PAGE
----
It was a rainy Saturday when we woke, and so we stayed in bed for some time, rather than getting up to finish the painting round the doors and windows. Always a great job to put off. Celia suggested we go and see Iris, since every other time we've wanted to go it's already been finished for the day. It was on at 10.40 am, and we were two out of about a dozen people there. But that hardly mattered: it's an extraordinary film, superbly acted (the two actors playing the husband, John Bayley, are so look alike that one of the doctors from Celia's work claimed it was the same actor), with Judi Dench giving a marvellous performance - when has she ever not?? - and Kate Winslet showing that she's one of the great talents of this generation of actors. (Talking about actors looking alike - Timothy West plays Maurice in the film as an older version, and his real life son plays him in the younger version.) The film slips back and forth between the 'present' and the past, and aligns scenes that contrast each other, or complete each other. It's not a new method of storytelling, but it's very well down in this movie. Another intriguing contrast is the squalor of the Bayley house compared to the sterility of the lecture hall Murdoch speaks in, or the tv studio.

I found it a very emotional film, very sympathetic to the difficulties faced by the partner of someone with Alzheimer's, and realistic about just how difficult those very difficulties are. My uncle Reg went off on his own one day, just like Murdoch does in the film. He was found in a lift after a good long time. Even when he visited us, before he was diagnosed with the disease, he was already getting confused about which house he was in, and why it had stairs which it shouldn't have had. Yet he played chess as well as ever.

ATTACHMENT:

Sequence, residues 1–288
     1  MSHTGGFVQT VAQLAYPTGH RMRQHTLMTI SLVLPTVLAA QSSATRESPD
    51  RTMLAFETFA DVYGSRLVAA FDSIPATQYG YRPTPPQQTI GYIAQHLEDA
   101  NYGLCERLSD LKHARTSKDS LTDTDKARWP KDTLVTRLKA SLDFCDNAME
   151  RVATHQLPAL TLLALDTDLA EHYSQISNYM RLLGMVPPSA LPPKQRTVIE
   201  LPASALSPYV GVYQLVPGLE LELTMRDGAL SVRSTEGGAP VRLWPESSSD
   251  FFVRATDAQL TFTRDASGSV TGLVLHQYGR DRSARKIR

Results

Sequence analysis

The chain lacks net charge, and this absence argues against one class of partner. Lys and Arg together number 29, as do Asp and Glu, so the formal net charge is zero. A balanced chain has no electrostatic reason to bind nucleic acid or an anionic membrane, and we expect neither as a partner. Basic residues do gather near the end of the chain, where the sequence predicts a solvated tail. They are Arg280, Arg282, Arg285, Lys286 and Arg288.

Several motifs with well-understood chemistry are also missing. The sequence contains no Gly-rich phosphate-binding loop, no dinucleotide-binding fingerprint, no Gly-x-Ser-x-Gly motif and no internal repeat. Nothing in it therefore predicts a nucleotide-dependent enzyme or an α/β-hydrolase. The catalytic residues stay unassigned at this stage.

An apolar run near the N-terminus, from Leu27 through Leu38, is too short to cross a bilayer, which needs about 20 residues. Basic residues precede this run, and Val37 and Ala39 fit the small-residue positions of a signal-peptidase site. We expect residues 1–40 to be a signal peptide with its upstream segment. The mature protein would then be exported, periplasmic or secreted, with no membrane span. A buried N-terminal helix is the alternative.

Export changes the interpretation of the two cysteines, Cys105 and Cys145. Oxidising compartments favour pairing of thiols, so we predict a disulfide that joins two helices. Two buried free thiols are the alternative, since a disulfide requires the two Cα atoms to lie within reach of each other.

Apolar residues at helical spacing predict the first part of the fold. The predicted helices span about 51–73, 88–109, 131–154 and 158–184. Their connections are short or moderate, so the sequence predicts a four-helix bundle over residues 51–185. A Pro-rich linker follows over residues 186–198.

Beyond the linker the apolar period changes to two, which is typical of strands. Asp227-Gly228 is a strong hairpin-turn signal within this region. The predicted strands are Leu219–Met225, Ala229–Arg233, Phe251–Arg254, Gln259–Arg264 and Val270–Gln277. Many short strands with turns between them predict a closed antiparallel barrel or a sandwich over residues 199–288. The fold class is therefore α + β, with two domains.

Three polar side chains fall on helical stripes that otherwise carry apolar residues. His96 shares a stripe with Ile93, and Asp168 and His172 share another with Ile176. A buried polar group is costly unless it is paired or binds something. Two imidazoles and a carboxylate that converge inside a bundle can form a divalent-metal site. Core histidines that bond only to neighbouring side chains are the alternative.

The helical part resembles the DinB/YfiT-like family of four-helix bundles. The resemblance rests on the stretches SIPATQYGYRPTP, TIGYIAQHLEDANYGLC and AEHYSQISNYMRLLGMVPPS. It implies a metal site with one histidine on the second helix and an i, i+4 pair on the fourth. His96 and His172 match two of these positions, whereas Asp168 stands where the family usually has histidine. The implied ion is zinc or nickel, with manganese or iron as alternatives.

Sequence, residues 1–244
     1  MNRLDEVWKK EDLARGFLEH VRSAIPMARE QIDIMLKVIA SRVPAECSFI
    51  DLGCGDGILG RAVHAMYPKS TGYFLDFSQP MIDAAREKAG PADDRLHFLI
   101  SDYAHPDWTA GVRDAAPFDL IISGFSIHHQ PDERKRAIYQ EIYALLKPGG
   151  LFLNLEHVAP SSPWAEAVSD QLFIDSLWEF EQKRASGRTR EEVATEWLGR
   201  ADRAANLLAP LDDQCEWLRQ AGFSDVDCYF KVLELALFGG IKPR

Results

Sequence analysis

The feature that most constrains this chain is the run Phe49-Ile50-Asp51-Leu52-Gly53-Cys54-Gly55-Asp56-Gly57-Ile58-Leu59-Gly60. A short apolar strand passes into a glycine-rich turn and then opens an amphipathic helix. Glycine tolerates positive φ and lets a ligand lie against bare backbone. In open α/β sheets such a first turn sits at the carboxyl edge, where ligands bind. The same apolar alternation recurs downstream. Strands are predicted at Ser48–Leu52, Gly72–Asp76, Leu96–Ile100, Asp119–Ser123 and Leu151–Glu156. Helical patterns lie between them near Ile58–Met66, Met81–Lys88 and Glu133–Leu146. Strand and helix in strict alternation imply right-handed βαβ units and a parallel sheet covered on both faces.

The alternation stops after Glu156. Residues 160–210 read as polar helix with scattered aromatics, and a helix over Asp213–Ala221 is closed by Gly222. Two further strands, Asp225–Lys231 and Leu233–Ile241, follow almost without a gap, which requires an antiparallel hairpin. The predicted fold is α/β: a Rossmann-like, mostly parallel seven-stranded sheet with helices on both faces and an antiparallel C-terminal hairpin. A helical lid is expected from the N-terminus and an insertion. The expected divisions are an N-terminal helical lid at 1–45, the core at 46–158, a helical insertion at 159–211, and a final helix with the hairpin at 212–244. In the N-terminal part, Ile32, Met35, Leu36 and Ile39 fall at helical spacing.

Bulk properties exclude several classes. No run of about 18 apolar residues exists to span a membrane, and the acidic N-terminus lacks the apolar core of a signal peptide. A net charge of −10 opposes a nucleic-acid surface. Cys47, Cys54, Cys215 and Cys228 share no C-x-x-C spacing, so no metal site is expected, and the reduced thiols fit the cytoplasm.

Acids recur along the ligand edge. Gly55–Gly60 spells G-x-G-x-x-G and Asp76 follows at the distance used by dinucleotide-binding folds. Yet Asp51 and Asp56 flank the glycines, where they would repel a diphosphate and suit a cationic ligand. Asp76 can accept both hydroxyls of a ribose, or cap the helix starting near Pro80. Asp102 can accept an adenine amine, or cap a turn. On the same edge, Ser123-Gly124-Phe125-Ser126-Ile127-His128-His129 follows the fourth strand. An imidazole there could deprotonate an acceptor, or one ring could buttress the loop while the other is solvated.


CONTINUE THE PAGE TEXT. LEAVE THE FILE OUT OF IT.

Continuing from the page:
By contrast, tonight I watched Mansfield Park, a very much reconstructed version of the book. For all Austen may have implied some things in the book, bringing them out into the open has meant a very dark film, lacking the wit that is the hallmark of both Austen's novels, and most of the recent adaptations. As well as that the piece is played very slowly (although even Sense and Sensibility seemed slow on the third time through), and there's a curious lack of vitality around. Frances O'Connor is given plenty of time to express deep emotions, but somehow they don't get across to us. Maybe it's because the blokes around her are cast in such as way that it's a wonder why she should care for either of them. Henry, played by someone with a very non-English name of Alessandro Nivola, is a rake without much rakishness. All he has is a curious charm and a certain selfishness. Even the big revelation scene, when he's found in bed with the married lady of the house, is all very off-hand. The other suitor, the one who doesn't know he is, Edmund, played by Jonny Lee Miller, is a flat pancake of a fellow who doesn't look as though he could get up and go if you lit some of the fireworks we see late in the picture under him. His description of himself as stodgy is more than appropriate, and I think in the end he'd probably drive Fanny wild. As the Salon reviewer says, Trash a revered novel and get acclaimed for "audacity". That's exactly what two of my more readable reviewers, Berardinelli and Roger Ebert do: acclaim it for its thoughtfulness, and for it being deeper. Michael Sragow hadn't even read the book when he saw it, yet felt there was something wrong (I'm in the same boat); but he then did read it, watched the BBC television version - four hours of it - and listened to the BBC radio play from nearly thirty years ago. All of them got hold of what Austen was writing about, and none of them deconstructed it. It seems that feminist auteurs are more clever than they are wise. Portrait of a Lady when Jane Campion got hold of it was a witless piece, with a put-upon by every man in sight, a perpetually weeping female who could hardly hold her end up. In the book she's a victim all right, but of her own stupidity; and there are men in the book who do their best to help her out of that. And the Malcovich character in the book is pathetic, nothing like the villainous domineering chauvinist he appears as in the movie. There's nothing worse than politics grabbing a classic by the heart and tear-ing that heart out in order to replace it with a theory.

An intriguing side point: the actor who plays the younger Bayley in Iris, is also in Mansfield Park, as the dolt of a man who marries the older Bertram daughter. (And the actress who played her has been in three of the Austen adaptations!)